Invisible and ambiguous : the racialized experience of Asian American administrators in Christian higher education.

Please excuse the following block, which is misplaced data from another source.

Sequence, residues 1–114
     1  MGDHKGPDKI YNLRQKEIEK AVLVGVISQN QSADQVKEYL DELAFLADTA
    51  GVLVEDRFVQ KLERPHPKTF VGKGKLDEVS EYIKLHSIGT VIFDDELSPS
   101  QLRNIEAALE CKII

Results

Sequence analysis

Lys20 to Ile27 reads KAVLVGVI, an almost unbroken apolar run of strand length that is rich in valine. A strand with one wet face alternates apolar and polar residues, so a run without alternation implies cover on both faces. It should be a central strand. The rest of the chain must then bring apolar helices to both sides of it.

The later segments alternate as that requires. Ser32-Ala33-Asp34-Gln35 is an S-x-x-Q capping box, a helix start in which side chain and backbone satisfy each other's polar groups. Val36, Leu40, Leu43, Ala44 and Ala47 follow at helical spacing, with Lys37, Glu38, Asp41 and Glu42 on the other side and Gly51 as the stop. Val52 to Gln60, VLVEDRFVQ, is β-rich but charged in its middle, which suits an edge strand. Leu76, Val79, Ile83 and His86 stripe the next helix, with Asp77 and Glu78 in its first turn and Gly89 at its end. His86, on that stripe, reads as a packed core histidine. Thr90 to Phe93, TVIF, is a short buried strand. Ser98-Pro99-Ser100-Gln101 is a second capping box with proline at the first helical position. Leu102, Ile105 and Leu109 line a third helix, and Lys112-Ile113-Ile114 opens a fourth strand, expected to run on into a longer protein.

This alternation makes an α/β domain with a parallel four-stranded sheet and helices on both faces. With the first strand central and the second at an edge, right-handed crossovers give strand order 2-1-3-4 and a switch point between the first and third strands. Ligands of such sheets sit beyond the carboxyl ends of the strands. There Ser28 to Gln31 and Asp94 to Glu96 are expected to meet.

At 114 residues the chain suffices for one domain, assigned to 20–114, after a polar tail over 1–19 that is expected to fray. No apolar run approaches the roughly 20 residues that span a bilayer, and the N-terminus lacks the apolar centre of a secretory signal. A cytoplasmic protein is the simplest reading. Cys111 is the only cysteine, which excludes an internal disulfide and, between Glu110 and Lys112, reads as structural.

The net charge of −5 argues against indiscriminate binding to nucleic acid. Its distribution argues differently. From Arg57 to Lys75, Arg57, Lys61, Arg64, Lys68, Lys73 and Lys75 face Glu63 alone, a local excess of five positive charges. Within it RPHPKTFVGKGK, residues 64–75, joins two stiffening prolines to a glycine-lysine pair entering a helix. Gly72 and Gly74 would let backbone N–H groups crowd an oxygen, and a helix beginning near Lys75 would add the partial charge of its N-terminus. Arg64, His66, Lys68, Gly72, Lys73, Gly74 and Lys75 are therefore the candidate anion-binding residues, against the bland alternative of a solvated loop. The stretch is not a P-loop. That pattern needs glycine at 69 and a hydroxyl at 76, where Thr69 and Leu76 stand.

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This qualitative study investigated the racialized experiences of Asian American administrators in Christian higher education. Through personal interviews with 23 Asian American administrators across Christian higher education, the study aimed to provide a more complex analysis of the administrators' racialized experiences. The analysis focused on three specific factors: (1) challenges and barriers, (2) unique racialization, and (3) assets, capital, and strengths leveraged to resist and succeed in higher education. The results showed that the challenges faced by Asian American administrators were not reducible to a single factor but were a result of a host of different factors. The findings revealed that participants discussed three identity-based challenges (racial, gendered, and religious) and two other key administrative challenges (lack of Faculty and Staff of Color and ineffective racial diversity efforts). Additionally, the study found that Asian American administrators not only faced the various challenges and barriers faced by all People of Color, but also faced challenges and barriers that were specific to Asian Americans, such as the consequences of navigating the Black White Binary, including invisibility and ambiguity. Despite these challenges, Asian American administrators were not passive victims of marginalization, but instead resisted, persisted, and leveraged various strengths and assets in their work as Christian higher education administrators. The findings identified and described seven forms of cultural capital leveraged in Christian higher education: aspirational, familial, linguistic, social, resistant, navigational, and spiritual.